The semi-detached property which the new home will be built onto. The nearest garage is due to be demolished.

Spalding town centre sites becoming ‘too overdeveloped’

Planning approval for a new house in a Spalding cul-de-sac has led neighbours to claim that town centre areas are being allowed to become overdeveloped.

Some residents in Knipe Avenue – a stone’s throw from St Thomas’s Road – are unhappy that their objections to the application were deemed irrelevant in planning terms.

Ward district councillors Graham Dark and Roger Perkins made representations too, claiming it was over-development of a quiet cul-de-sac and any increase in vehicular movements was unwelcome.
However, acting upon government guidelines, it was passed by South Holland District Council.

The plan is to build a house on to the side of a pair of existing semi-detached homes at the far end of the cul-de-sac. One garage in an existing block would be demolished to make way for the development.

Chris Mace, who has lived in the street for more than 20 years, believes allowing further development is a problem being replicated throughout the town centre.
He said: “It seems now that wherever there’s a piece of land, a house will be built on it.
“In Spring Gardens, new houses have been built on both sides.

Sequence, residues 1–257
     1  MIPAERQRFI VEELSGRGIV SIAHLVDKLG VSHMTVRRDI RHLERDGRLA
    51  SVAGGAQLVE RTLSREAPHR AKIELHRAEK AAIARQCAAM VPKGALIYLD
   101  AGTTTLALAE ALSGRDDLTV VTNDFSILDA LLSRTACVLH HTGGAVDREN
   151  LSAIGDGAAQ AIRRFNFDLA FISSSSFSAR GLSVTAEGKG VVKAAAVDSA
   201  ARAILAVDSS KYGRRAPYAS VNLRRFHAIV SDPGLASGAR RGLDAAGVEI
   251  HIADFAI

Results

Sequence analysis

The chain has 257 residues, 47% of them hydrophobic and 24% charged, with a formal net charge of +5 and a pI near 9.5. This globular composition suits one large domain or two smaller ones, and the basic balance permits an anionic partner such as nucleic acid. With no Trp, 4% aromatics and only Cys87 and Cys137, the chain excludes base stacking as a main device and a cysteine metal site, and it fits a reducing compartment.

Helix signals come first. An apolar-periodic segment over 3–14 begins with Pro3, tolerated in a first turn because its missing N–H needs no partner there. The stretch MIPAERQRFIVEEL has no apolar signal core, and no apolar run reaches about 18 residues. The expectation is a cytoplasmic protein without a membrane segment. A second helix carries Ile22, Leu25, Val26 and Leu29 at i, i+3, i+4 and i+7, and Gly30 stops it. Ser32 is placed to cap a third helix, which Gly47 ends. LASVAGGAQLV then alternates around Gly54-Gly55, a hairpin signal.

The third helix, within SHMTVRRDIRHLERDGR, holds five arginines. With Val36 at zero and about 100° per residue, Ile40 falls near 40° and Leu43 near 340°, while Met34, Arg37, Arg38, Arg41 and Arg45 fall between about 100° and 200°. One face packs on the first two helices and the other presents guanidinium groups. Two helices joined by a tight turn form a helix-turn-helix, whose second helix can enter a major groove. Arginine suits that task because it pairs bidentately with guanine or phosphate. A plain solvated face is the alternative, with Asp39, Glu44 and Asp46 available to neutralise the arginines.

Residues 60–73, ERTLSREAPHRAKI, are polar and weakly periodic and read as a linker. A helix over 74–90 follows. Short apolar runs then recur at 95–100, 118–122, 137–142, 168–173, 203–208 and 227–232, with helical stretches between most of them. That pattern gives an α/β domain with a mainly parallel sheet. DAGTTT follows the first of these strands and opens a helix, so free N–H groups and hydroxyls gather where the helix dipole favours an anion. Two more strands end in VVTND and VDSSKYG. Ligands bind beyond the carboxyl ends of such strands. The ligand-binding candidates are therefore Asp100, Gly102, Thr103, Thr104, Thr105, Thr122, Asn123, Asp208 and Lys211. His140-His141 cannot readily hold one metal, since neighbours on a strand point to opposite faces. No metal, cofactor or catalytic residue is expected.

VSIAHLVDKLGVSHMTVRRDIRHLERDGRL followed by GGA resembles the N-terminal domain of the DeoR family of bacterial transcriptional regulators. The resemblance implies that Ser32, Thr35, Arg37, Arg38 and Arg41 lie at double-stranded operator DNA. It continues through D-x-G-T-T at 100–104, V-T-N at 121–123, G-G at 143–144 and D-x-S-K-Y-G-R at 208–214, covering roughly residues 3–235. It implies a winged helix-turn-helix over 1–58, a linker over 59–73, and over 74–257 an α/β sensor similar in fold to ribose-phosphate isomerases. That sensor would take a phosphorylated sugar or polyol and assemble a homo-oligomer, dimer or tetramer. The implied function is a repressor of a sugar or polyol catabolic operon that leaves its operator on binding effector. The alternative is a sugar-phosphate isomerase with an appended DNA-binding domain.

“A lot of houses in our area are 200 years old and have no off-street parking.
“Many more properties are being built without enough regard to parking.”

Mr Mace says there is little room for vehicle manoeuvre in Knipe Avenue and has procured bollards to protect the frontage to his home.

Neighbour Jennifer Hemingway says the road is often congested with on-street parking, to the extent that cars park across the pavement. She fears that an emergency vehicle could be impeded.

The application was submitted by Mr B Bosworth. c/o 10 Green Lane. A recent application by C Bosworth, of the same address, for a house adjacent to 15 Green Lane was refused due to it being overdevelopment of the site and would cause unacceptable harm to neighbours’ living conditions.

Jon Sharpe, of Highways, was consulted and said he had no objection to there being no off-street parking as it was sufficiently close to town for the occupier to walk or cycle.
Mr Mace claimed the notion of a householder not having a car was nonsense.

District council planning committee chairman Coun Roger Gambba-Jones had sympathy with the residents, saying: “They won’t get any argument from councillors about their view. The problem is that planning legislation ties us in knots.
“Because it’s a town centre site Highways are relaxed about off-street parking.
“Without their support there’s little point in the council refusing the application only to lose it on appeal.
“They are acting on government guidance.”

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